‘We want to ensure that doctors have the ability to prescribe these medicines…’
(Claire Russel, Liberty Headlines) Just one week after threatening to take “administrative action” against doctors who prescribed experimental drugs for coronavirus patients, Michigan Gov. Gretchen Whitmer, considered a rising Democratic star, has flip-flopped.
As the state’s confirmed coronavirus cases continued to surge, Whitmer asked the federal government this week to send anti-malarial drugs, including hydroxychloroquine, from the Strategic National Stockpile to the state’s hospitals.
Whitmer defended her flip-flop, saying the state is trying to remain “nimble” in its response to the coronavirus.
“We want to ensure that doctors have the ability to prescribe these medicines,” she said during a press conference.
“We also want to make sure that the people who have prescriptions that predated COVID-19 have access to the medication they need,” she continued. “And so all of the work that we’ve done is trying to strike that balance.”
Michigan’s Department of Licensing and Regulatory Affairs sent a letter to the state’s healthcare system last week warning physicians and nurses not to “inappropriately” prescribe the medications, claiming they do not have a “legitimate medical purpose.”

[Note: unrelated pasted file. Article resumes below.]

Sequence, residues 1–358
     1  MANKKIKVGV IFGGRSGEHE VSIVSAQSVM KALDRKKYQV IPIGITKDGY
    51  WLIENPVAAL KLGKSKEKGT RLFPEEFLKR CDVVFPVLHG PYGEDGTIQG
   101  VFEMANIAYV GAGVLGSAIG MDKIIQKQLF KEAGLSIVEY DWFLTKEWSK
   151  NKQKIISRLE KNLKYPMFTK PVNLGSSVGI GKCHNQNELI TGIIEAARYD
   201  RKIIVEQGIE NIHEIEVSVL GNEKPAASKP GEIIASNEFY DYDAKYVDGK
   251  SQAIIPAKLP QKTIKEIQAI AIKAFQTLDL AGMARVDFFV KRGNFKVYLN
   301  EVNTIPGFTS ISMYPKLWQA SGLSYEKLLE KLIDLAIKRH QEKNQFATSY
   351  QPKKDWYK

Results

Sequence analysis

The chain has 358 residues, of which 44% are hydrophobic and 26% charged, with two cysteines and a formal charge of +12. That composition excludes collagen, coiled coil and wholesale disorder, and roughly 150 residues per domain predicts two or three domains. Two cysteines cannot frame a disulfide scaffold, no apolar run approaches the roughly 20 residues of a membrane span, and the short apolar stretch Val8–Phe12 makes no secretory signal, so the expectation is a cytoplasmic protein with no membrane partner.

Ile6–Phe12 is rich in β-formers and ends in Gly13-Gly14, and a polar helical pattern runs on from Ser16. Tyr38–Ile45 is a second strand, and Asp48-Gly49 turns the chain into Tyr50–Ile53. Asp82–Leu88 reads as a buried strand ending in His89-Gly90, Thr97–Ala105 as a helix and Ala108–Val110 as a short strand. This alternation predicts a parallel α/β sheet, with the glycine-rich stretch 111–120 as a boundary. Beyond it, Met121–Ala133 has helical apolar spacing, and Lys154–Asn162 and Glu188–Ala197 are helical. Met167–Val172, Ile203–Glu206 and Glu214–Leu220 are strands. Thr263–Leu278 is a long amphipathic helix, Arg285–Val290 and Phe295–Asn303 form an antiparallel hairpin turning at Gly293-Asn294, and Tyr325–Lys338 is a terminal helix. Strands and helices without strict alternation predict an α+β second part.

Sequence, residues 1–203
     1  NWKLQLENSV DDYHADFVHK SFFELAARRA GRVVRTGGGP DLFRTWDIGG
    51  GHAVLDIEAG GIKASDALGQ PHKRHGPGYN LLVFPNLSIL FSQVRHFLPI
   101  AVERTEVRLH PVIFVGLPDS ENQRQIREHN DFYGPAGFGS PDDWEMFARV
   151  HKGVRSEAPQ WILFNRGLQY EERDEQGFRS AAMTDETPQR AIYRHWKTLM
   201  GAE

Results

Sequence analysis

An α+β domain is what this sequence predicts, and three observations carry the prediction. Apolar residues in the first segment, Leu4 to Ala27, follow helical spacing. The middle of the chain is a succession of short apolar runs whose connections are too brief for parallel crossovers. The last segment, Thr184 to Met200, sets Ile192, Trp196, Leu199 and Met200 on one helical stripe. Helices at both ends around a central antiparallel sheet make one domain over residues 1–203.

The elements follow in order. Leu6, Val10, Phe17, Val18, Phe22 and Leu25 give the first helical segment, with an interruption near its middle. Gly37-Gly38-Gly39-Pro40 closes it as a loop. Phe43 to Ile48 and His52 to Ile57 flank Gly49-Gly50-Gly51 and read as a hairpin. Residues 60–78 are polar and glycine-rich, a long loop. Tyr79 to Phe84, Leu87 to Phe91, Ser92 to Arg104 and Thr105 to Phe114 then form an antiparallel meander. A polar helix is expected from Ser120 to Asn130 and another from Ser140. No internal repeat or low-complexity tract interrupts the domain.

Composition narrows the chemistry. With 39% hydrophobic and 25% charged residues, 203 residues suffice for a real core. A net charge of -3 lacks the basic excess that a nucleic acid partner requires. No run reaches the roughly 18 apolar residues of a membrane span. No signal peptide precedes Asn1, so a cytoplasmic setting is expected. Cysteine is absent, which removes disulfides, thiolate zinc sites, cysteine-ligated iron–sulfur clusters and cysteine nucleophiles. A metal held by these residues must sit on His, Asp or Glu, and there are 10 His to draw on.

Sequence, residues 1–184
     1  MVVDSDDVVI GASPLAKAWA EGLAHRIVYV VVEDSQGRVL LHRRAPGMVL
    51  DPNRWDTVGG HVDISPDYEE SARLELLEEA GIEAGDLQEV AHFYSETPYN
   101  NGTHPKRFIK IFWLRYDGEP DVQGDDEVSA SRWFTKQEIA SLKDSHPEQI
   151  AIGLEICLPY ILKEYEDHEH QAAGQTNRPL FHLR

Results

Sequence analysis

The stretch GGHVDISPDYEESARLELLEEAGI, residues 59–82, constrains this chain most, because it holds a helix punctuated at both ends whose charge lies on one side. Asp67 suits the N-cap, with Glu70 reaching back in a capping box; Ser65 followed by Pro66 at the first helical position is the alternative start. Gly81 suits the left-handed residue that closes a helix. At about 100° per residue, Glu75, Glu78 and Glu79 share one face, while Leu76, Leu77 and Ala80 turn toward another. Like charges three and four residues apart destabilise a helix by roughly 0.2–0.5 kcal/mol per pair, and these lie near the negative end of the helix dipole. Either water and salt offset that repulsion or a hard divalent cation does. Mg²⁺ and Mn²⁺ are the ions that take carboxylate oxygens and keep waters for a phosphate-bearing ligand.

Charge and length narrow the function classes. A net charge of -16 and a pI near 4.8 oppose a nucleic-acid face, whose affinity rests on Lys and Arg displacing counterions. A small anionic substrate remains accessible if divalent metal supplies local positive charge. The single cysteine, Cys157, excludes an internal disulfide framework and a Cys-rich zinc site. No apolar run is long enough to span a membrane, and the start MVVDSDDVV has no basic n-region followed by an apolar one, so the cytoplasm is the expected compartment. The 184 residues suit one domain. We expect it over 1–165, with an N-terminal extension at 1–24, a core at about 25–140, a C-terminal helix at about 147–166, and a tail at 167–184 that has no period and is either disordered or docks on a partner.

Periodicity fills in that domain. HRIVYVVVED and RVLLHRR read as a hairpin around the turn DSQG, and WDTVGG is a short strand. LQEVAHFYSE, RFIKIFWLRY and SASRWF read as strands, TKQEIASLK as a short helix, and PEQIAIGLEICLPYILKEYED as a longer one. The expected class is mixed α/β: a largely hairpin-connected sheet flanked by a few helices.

“These drugs have not been proven scientifically or medically to treat COVID-19,” the letter stated.
Although clinical trials have yet to officially confirm the drug’s efficacy in treating COVID-19, the Food and Drug Administration has granted emergency authorization to use it following strong anecdotal evidence and an endorsement from President Donald Trump.
Health and Human Services Secretary Alex Azar announced in a statement that “scientists in America and around the world have identified multiple potential therapeutics for COVID-19, including chloroquine and hydroxychloroquine.”
HHS found that the anti-malarial treatments have “shown activity in laboratory studies against coronaviruses,” including the virus that causes COVID-19.
“Anecdotal reports suggest that these drugs may offer some benefit in the treatment of hospitalized COVID-19 patients,” HHS said in a statement. “Clinical trials are needed to provide scientific evidence that these treatments are effective.”